Hold back the smack for less violent kids
COUNTRIES that have banned smacking children have 70 per cent less youth violence, a global study claims.
A team of academics from McGill University in Canada discovered that countries with a total ban on smacking in the home and school had violence among under-18s fall by as much as 69 per cent compared with countries without legislation.
Researchers looked at 88 countries to find out if there was a link between violence and the use of physical force by parents. The findings, published in the journal BMJ Open, said: “These results support the hypothesis that societies that prohibit the use of corporal punishment are less violent to grow up in.”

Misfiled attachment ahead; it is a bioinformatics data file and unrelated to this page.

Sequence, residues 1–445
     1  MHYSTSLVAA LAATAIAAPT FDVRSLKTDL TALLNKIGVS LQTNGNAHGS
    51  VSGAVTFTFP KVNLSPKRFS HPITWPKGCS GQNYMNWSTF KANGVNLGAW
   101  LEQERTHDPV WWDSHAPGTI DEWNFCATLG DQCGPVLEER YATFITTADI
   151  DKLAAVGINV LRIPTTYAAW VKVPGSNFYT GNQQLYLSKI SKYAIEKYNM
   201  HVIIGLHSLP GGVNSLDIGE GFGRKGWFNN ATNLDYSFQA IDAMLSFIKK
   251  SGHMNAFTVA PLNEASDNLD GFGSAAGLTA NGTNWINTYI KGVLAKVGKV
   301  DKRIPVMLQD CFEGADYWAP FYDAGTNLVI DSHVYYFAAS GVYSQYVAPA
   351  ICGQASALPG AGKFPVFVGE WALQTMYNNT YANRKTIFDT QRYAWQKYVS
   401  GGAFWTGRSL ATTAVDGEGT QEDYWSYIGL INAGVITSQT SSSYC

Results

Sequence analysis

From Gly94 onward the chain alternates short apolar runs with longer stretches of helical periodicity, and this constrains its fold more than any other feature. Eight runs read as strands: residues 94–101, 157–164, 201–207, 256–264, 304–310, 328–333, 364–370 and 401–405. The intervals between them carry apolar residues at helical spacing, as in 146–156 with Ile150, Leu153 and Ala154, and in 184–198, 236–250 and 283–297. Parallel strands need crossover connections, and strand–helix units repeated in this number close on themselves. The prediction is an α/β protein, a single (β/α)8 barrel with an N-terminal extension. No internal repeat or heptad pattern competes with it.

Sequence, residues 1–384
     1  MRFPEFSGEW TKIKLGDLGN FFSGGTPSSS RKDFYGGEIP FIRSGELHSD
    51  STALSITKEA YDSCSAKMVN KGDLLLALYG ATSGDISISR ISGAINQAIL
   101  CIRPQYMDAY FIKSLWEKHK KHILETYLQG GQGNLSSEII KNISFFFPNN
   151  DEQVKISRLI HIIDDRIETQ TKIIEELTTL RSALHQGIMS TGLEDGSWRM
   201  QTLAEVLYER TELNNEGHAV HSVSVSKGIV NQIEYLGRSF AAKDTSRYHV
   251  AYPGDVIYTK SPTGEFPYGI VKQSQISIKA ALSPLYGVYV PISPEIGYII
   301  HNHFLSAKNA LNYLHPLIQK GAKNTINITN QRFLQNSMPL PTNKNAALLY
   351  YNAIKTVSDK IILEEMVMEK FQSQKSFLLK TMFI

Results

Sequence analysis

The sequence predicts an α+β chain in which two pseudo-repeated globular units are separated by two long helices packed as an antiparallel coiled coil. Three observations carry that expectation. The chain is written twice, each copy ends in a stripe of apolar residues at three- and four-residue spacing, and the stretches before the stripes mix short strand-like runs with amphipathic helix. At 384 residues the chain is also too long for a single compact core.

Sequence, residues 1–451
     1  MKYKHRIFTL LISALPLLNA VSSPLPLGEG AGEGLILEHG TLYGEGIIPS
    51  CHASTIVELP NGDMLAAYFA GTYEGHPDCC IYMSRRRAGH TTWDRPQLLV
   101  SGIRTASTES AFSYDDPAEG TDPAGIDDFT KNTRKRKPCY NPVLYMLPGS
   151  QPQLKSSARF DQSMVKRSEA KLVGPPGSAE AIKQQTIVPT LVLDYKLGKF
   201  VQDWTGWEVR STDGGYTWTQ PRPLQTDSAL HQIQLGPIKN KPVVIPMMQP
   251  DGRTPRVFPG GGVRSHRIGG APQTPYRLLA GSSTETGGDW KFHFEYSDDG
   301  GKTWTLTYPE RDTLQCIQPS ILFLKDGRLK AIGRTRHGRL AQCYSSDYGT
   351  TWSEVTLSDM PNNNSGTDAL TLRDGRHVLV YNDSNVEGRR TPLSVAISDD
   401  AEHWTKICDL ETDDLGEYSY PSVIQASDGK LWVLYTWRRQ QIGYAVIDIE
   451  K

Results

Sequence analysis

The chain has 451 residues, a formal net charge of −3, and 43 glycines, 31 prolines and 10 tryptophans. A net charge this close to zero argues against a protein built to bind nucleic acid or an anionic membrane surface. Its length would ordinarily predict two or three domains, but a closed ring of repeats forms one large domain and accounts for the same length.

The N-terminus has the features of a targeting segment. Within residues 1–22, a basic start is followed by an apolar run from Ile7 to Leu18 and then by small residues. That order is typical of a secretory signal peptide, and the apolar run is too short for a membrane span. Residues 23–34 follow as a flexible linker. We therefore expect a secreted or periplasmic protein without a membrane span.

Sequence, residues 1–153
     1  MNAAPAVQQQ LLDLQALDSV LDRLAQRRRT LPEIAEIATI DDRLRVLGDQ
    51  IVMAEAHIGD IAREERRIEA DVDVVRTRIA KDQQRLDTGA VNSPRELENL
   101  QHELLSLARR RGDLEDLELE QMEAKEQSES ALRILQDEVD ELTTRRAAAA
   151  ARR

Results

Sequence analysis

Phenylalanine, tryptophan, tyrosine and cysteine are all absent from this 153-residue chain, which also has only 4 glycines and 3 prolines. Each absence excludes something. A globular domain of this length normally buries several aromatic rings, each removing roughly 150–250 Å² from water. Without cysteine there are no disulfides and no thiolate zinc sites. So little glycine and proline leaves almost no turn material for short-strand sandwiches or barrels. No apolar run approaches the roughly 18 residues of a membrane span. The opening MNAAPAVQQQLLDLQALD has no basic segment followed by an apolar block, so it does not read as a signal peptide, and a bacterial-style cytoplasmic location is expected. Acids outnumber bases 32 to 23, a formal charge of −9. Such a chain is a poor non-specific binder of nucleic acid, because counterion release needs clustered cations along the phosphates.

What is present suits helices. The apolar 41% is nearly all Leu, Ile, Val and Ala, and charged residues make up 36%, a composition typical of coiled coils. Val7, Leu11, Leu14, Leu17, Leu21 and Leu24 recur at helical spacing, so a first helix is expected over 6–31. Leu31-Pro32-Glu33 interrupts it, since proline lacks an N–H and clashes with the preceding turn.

It’s definitely a controversial topic but, according to the law, it’s not illegal to smack your children in Australia.
“All Australian states and territories condone (in principle) the use of force by a parent, by way of correction, towards a child.”
Basically, it is deemed acceptable to smack your child without using excessive force. But if you go overboard and seriously harm your child, that’s considered child abuse and is illegal.
PROMOTING PEACE: A study has found societies that ban the use of corporal punishment are less violent places in which to grow up.